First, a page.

Greg had a great post the other day on the controversy surrounding the Washington football team’s long-standing “nickname” — Redskins. I’ve spent more time than is healthy reading internet comment sections on this issue, so I consider myself an expert on the arguments against changing the name. Most are as vacuous as they are willfully ignorant.

“But what about the Fighting Irish? Or the Vikings? Or the Celtics? We would have to change them too.”

This one is my favorite. As if there’s no difference between mascots named for the predominant ethnic group in the area and a racial nickname for the sports team in a capital that once carried out an active policy of ethnic cleansing against that racial group. As someone with Norwegian, Irish, and Native American ancestry, I am particularly amused by these comparisons. No Minnesotans of Swedish origin are up in arms about being compared to their Viking ancestors. Sure, they did a fair share of pillaging, but Vikings had democratic assemblies and were among the most advanced seafaring civilizations of their era. Boston Celtics? The history of the basketball team cannot be told without contextualizing it within Boston’s identity as an Irish city (for better and for worse). Fighting Irish is a similar situation. It was coined by a member of Notre Dame’s own football team and embraced by the Irish Catholic student body, unless there’s a massive uprising against it we’re not hearing about.

“But Indians support the name!”

Then they’ll point to some ten year old poll and talk about how there are Redskin team names on Native American reservation. Oh, ok. No problem then. I guess the fact that some Natives don’t care negates those that do. I’m pretty sure that’s how it works. Just like if your black friend lets you say slurs, you’re free to yell them around other black people and then name your business a racial slur. No problems there.

“Uhhg it’s the LIBERALS trying to PC everything up.”

Ah, the old P.C. canard. I prefer to think of this issue less as enforcing “politically correct” terminology and more making sure none of our sport teams are named something blatantly racist. When the Redskins were founded by vile racist George Preston Marshall, the term Oriental was in vogue to refer to Asian people. Does that mean we should name a team the Orientals? What about the Coloreds? That word and a few others were pretty popular around that time to refer to black people. Dan Snyder, owner of the Redskins, is a Jewish person. I wonder if he would appreciate a team named the Hebes (or worse) with a hooknosed Jew clasping a bag of gold. I know for sure the Washington Darkeys wouldn’t fly today, but this is essentially what we are talking about: an antique word, a relic from an era where pasty scientists obsessively studied the differences between the “races” and learned men established white dominion over the language.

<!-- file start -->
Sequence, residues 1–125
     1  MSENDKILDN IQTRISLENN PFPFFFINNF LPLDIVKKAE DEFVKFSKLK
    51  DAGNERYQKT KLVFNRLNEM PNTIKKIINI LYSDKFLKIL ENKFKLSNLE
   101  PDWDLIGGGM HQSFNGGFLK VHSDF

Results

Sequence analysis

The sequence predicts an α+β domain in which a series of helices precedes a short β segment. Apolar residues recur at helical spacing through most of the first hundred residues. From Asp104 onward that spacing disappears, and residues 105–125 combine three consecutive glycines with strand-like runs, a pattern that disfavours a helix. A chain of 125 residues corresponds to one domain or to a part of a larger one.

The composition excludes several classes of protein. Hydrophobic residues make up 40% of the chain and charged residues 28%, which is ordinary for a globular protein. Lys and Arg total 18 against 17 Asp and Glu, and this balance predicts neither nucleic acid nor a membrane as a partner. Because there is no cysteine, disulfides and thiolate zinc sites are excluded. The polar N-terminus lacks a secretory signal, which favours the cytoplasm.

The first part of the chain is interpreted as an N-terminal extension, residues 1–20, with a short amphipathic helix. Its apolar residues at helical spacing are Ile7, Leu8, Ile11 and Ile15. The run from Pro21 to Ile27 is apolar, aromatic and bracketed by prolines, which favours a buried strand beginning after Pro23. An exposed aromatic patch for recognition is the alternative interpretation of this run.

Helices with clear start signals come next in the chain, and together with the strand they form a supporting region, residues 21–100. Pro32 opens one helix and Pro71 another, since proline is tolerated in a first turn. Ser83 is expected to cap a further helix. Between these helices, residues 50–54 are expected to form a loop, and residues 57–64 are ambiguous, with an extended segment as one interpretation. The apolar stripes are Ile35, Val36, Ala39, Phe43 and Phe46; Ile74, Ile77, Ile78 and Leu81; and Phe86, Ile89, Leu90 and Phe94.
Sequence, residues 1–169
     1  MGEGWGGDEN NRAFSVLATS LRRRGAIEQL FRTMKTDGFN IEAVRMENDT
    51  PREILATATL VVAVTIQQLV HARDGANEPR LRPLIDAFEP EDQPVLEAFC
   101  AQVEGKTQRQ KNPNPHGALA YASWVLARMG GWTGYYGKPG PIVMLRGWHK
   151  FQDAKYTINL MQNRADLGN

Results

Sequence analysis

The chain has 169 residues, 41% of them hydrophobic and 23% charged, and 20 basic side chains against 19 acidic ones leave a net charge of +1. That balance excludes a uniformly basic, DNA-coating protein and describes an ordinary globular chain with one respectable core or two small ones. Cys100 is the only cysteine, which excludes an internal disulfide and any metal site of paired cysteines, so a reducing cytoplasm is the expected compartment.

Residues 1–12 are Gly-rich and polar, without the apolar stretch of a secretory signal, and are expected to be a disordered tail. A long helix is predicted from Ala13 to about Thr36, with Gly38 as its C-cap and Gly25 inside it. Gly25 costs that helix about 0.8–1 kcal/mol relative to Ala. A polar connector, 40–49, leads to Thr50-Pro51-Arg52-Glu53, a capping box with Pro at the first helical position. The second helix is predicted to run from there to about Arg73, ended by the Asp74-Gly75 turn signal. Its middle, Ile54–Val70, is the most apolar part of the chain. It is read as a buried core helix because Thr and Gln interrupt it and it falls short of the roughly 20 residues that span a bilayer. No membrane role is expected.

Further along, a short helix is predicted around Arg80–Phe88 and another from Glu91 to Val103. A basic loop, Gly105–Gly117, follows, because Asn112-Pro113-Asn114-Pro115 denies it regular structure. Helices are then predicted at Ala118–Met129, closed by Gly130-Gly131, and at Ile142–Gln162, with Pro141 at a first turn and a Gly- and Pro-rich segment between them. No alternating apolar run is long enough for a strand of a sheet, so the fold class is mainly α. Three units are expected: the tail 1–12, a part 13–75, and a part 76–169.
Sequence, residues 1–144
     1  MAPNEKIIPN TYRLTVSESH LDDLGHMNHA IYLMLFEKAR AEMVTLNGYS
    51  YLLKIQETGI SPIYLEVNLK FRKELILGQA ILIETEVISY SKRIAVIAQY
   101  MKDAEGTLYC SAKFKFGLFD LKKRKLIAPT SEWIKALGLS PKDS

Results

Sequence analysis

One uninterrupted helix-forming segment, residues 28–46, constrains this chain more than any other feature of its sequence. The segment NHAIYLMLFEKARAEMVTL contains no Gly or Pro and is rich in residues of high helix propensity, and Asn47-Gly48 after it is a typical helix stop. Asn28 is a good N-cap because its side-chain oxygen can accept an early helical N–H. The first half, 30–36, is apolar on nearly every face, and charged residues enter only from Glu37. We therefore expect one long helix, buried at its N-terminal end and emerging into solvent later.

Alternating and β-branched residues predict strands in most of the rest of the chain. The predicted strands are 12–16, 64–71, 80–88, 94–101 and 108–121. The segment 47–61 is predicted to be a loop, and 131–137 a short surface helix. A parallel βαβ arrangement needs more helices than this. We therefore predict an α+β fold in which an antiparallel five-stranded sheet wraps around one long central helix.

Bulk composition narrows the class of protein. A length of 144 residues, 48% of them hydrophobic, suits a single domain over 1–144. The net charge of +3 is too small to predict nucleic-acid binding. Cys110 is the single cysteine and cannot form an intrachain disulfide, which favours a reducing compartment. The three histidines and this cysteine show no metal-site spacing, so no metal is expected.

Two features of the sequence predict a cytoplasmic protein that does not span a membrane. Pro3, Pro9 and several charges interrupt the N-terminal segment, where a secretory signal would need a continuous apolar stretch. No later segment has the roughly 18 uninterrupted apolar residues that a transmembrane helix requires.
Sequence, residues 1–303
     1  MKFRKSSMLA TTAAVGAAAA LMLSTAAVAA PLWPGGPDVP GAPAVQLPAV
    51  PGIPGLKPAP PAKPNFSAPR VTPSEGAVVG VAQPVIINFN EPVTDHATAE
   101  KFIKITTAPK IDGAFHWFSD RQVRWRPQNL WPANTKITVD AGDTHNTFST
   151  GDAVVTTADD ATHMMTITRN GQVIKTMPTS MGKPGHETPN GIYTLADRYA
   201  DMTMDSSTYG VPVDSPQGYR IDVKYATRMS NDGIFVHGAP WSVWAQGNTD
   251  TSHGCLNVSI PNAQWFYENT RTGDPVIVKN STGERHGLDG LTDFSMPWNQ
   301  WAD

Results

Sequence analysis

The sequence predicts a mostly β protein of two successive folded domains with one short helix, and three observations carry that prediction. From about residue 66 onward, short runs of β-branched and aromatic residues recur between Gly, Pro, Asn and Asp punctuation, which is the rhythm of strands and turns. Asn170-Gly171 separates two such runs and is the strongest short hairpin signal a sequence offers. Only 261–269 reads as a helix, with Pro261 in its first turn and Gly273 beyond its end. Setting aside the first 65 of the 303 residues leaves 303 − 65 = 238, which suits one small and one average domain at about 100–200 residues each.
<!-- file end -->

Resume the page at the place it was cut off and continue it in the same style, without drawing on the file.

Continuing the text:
“Don’t be weak and choose to be offended.”

This is perhaps the stupidest. First of all, you don’t really choose to take offense. But second of all, I don’t think Natives are “offended,” so much as sick of the bullshit. I know a decent amount of Natives, most of whom grew up on/close to a reservation. I once asked a friend of mine about the name Redskins and he replied,  “It’s not that it’s offensive — it’s just really dumb.” He went on to describe numerous different ways a team could honor Native Americans without going right to skin color. This guy has also paler skin than I do, but grew up in Oklahoma in a Native family. Just demonstrates the name is inaccurate in addition to stupid.

“It’s not racist! The Redskins are named after their Indian former coach”

This ones complicated and involves draft dodging. The Redskins were founded in Boston and originally shared a field with the Boston Braves baseball team. When they moved to Fenway Park, home of the Red Sox, the name was changed to Redskins. Marshall was quoted at the time saying the name change was to avoid confusion with the other Native-referencing team, NOT because a coach was Native. It is also not at all clear the coach Marshall referenced, Willie “Lone Star” Deitz, was actually a Native American. Deitz was put on trial and briefly imprisoned for draft dodging WWI by claiming he was a Native American. The jury could not conclude he knowingly lied about his heritage, but a number of discrepancies in the Deitz family’s testimony, as well as his interactions with his supposed sister and her Sioux tribesmen, suggest otherwise. So not only is this origin story not true, the supposed Indian coach likely wasn’t a Native.

“There are bigger issues we should be concerned about”

The history of the United States is a road paved with Native American bones. Since coming to this continent, Europeans have cleansed Natives from their lands, reneged on treaties, massacred Native women and children, conducted biological warfare against them. Many Native Americans live today in extreme poverty, while rape and sexual violence are epidemics on reservations. These are obviously much more pressing issues than a stupid team name. But the name Redskins remains a window into an epoch (one not yet entirely over) where racism was blissfully casual and the Washington football marching band wore headdresses and played “Dixie” before the anthem. Perhaps it is a fitting name for Washington D.C.’s team after all.


About Nate

Nate is a co-host on the “Arsenal For Democracy” show. He was previously the co-founder of an earlier political blog with Bill in 2008.
Bookmark the permalink.

Comments are closed